By Any Other Name

I went to see Serenity this weekend. And I liked it, it was a fun movie with some interesting plot twists and turns and some really good special effects. The whole thing was very intelligent and well thought-out.

Except for the title.

Honestly, when the word “Serenity” appeared on the marquee of the local theatre, my first thought (and I can’t be alone in this) was, Oh, hey, it’s one of those sensitive films about young girls coming of age. I mean, that even sounds like a TV show title, where young women experience laughter, heartbreak, love and friendship all separated by carefully timed commercial breaks. Nothing wrong with that, I hasten to add. Heck, I like a good cry…far more often than I should be admitting in public. But that isn’t here or there. So the fact that it’s a science fiction western may come as a shock to those of you who didn’t dig too deeply. And that’s my main point.

The film is a spin-off of sorts from a failed television series, “Firefly.” Something I never watched, but fans have a passion that will not be dimmed. At the IMDB show times screen, it was quite instructive to see that other films in the theatre I go had a few hundred votes…some had four thousand or so…but only Serenity had over seventeen thousand.

That’s quite a fan base. And that’s quite a fan base for a film that is, let’s face it, preaching to the converted. Who is going to dig deep enough to see what this film is about, and then go to see it? Other than me, I mean. People showing up for a sensitive chick flick are (I hope) going to be warned away from a pretty violent and sometimes gruesome science fiction shoot out. People who are going to look for a science fiction shoot-out are, I guess, watching something else on DVD since they may not be aware of this film. But the “Firefly” fan-base, they’re going to be out en mass.

Which turns out to be not much of a mass. Wouldn’t it have been better to call the film something a bit more a propo? Like, urm, Killer Cannibals from Space? Granted that would have tied into the schlock movie crowd (like me) and wouldn’t have alerted the fans of quality idea films that here was something they might like…but then, the title “Serenity” didn’t do that either. (Spoiler alert: It’s the name of the spaceship.) For despite the fact that I went to see it, it dropped off the charts this weekend. Who’s to blame? Well, it’s hard to say. The whole set up is so insular that one imagines the fans of “Firefly,” and writer-director Joss Whedon are equally to blame. He made a film for them, and they went to see it. No one else was invited. Oh sure, you might say. All someone had to do was peruse a few message boards or read the synopsis or what-have-you, and you’d know what to expect and be there with bells on.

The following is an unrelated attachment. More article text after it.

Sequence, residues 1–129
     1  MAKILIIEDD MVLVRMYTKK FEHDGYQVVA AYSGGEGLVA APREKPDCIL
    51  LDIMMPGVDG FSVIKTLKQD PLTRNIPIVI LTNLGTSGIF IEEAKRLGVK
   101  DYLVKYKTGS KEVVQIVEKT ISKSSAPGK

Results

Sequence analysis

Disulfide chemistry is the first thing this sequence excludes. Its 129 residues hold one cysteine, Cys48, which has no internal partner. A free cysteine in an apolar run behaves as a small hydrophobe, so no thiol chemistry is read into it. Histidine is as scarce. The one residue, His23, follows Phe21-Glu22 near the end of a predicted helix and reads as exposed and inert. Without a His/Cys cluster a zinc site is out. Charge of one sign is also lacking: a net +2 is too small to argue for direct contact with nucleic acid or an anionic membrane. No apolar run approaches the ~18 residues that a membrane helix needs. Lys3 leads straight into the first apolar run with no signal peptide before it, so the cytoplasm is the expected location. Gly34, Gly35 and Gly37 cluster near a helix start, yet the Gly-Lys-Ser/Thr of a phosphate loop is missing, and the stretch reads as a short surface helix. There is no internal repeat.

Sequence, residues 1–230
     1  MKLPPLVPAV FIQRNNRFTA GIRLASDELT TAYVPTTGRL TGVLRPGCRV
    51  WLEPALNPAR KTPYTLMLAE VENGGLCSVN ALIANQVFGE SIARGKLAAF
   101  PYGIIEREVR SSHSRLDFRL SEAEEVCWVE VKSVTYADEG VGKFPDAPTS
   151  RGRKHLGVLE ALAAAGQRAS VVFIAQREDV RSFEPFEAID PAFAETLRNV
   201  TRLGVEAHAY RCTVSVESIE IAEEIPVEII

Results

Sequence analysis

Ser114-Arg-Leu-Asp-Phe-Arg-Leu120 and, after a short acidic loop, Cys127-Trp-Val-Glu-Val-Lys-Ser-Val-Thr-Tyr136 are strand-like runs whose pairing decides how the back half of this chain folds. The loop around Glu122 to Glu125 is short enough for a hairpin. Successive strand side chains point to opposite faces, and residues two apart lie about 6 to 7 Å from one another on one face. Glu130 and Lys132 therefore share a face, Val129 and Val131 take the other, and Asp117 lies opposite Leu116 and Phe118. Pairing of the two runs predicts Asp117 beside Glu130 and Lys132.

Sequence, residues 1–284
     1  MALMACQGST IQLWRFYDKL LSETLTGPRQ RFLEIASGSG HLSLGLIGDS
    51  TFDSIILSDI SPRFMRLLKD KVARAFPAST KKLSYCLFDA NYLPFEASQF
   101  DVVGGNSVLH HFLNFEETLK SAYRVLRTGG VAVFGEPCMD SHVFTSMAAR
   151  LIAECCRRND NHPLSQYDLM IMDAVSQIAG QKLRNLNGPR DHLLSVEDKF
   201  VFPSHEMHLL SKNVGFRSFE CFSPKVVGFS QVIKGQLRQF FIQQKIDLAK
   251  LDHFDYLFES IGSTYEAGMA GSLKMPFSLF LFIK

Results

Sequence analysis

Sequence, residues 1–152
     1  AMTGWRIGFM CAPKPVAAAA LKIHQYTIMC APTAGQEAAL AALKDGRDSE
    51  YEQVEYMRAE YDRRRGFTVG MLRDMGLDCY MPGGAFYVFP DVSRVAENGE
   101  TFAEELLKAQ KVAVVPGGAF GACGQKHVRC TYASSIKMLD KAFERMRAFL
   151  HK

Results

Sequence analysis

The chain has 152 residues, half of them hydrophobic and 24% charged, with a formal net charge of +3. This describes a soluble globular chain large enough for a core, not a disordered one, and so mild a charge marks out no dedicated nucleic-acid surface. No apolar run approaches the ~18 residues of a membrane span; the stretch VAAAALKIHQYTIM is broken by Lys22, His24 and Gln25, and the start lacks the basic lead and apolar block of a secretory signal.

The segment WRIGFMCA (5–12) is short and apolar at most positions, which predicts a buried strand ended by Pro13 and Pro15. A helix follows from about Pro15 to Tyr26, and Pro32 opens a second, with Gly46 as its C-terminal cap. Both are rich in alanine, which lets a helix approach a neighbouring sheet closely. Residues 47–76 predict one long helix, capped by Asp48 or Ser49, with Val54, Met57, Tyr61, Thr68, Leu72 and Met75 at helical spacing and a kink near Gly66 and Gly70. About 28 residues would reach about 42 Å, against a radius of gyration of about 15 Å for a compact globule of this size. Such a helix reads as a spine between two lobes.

But that requires WORK. As noted, you’ve got to go to the trouble to dig up info on the entertainment in question. Why put people to work like that? Why not make it easy for them? Why not try to tell people what you’ve got on offer?

It might be argued that an arty title is the priviledge of the artist and his right to be true to his vision. And I won’t argue the point. But films aren’t just art. They’re commerce. Someone gave Mr. Whedon almost 40 million dollars to make a movie. Wouldn’t it have made sense to have as many folks as possible see the result? So that if it was a huge success, he might make another one?

The second argument is that such actions might delute the cult. It won’t be cool and hip, man, if everyone goes to see it. No, no, it is only for the select few. The enlightened ones…and I’m going to stop there before I get too scowly. I don’t have much patience with fans who desire that an artist, in whatever field, remain their exclusive property, and if that artist becomes a success he has, therefore, sold out.

The surprising thing was, I was able to pick up on the story and characters with minimum confusion. I may not have had the rich experience a “Firefly” fan might have had, but clearly Mr. Whedon was persuaded that potential newbies had to be brought up to speed. (The exposition was quite cleverly handled.)

So, it may be too late if you missed it and that sounds like something you’d like. If you’re a “Firefly” fan, you’ve probably already seen it. And if you’re a “Firefly” fan, perhaps you can answer a question for me. The Reavers in the film are a group of completely psychotic space cannibals. In the film, they appear totally out of control and completely in thrall to their passions, howling and rawring all the while. They seem to be 28 Days Later’s “Rage” victims…of the future.

How in the heck are they able to avoid killing each other, let alone organize? How the heck can they fly spaceships?